Manitobans receive young Indigenous entrepreneur scholarships

Two recipients will be able to create a new product in an innovative environment with extensive training and tools through the North Forge Technology Exchange’s Indigenous Entrepreneur Scholarship.

For a year, Kristopher Blacklaw and Colan Ross will have access to the North Forge Fabrication Lab where they can create a product of their interest as well as be surrounded with like-minded individuals who can guide them through the process.

“Part of our mandate is to support Indigenous youth and youth in general. This scholarship serves Indigenous entrepreneurs to encourage them to look at creating a product or just thinking about entrepreneurship,” said Joelle Foster, CEO of the North Forge Technology Exchange.

“We found that there are so many Indigenous youths that have so many incredible ideas and things they want to create. The year-long scholarship allows them to utilize all the equipment and expertise to create something and potentially start a business around that.”

The North Forge has been offering this particular scholarship for three years now. This year, six Indigenous youths applied for the scholarship, but only two were chosen.

Funding of $5,000 was provided by Community Futures Manitoba, who delivers the Indigenous Business Development Services project on behalf of Western Economic Diversification Canada.

“The scholarship is an incredible opportunity if you are a young Indigenous aspiring entrepreneur. It is an opportunity for you to get your feet wet, test out your ideas and create a prototype in a safe and innovative environment,” said Foster.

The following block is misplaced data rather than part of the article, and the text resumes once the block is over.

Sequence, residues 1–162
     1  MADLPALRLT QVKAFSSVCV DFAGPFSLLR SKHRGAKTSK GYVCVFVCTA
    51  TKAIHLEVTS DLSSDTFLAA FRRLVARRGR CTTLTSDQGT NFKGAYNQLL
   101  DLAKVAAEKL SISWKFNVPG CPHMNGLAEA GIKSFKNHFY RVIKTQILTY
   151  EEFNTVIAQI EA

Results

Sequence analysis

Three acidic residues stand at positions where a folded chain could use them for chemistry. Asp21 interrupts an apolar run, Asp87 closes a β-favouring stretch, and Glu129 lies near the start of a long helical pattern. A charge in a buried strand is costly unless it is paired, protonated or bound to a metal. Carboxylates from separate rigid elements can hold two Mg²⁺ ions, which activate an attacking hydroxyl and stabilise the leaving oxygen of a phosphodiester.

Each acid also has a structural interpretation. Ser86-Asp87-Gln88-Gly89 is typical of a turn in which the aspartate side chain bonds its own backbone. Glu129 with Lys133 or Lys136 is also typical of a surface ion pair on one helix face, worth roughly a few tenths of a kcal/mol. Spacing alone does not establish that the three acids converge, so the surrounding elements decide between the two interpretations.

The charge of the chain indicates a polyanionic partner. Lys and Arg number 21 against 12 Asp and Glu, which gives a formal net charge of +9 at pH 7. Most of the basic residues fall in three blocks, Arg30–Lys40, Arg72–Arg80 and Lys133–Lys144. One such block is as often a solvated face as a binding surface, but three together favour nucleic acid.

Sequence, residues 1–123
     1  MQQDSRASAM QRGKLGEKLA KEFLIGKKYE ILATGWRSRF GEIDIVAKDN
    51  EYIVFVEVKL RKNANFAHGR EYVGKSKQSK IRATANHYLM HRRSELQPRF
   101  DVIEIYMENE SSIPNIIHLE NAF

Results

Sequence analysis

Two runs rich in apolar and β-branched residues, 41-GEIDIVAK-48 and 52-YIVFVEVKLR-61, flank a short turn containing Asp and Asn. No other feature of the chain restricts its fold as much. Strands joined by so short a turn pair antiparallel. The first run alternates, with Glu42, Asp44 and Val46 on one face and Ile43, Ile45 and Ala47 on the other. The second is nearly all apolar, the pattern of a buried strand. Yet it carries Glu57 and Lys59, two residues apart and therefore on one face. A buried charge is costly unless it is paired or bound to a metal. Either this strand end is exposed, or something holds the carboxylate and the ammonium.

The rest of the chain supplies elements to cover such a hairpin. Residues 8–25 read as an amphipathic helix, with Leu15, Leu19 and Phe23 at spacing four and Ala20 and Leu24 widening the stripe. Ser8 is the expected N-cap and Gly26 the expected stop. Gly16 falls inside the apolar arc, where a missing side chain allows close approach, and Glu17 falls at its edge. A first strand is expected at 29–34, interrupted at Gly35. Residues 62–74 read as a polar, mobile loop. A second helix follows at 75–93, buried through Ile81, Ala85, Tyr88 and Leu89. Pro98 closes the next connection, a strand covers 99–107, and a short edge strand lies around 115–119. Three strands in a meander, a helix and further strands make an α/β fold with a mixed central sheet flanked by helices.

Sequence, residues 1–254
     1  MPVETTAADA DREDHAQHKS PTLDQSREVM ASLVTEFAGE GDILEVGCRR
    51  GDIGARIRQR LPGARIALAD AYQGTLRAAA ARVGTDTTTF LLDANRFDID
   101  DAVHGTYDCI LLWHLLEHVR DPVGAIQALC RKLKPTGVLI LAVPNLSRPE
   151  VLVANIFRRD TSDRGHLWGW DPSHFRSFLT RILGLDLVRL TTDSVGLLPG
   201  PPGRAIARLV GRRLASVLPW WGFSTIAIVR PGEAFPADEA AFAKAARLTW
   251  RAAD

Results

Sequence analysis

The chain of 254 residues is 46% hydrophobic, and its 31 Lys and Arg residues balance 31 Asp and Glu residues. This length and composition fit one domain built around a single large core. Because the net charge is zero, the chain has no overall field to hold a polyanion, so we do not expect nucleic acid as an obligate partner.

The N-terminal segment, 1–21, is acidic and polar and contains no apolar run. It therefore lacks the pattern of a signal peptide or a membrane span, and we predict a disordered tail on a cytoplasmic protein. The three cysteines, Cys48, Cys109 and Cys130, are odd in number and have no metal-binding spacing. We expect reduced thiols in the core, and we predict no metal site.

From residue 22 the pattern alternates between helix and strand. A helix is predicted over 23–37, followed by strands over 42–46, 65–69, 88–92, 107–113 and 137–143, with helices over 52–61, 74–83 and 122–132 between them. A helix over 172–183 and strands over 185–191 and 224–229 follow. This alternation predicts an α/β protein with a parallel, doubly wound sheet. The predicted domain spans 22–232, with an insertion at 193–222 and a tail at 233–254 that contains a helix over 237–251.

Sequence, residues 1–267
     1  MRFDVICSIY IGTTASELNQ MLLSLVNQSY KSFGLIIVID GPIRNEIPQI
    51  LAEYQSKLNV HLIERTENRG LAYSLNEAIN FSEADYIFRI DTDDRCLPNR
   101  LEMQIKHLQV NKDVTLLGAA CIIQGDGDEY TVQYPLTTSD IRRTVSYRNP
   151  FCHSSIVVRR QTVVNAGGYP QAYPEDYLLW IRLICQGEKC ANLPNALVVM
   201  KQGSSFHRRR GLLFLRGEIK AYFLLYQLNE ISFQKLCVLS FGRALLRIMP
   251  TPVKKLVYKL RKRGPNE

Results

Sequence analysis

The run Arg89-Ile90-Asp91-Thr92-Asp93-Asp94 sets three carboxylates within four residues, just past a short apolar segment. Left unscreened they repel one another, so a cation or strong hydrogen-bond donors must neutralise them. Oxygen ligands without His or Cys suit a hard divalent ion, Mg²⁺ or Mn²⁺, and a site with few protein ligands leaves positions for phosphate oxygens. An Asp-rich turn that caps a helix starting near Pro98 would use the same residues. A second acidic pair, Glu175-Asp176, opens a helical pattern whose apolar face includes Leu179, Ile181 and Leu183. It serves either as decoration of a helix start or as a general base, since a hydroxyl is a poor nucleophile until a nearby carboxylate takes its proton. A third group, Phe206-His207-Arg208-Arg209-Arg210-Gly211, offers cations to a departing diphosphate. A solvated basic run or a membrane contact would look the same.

“The two recipients for this year are very excited to be working. They themselves are showing a lot of passion in this, and we are very anxious to see what they develop over the year,” Foster added.

In 2018, recipient Christopher Kematch managed to create 24 different prototypes using the resources at the North Forge Fabrication Lab. The prototypes included wall mounted wooden plagues, wooden ornaments, earrings and dream catchers.

Since training at North Forge, he has successfully created a business on Etsy called “pawatadesigns,” selling products he has made in the lab. Kematch is the only recipient who managed to create a business based on the prototypes he made at the North Forge.

“Many come in thinking that they would be doing one thing, mostly thinking about a specific product or a specific area of woodworking or metalworking that they want to be going into. Once they are involved with the fabrication lab, they find inspiration for other ideas,” said Marney Stapley, North Forge Vice President.
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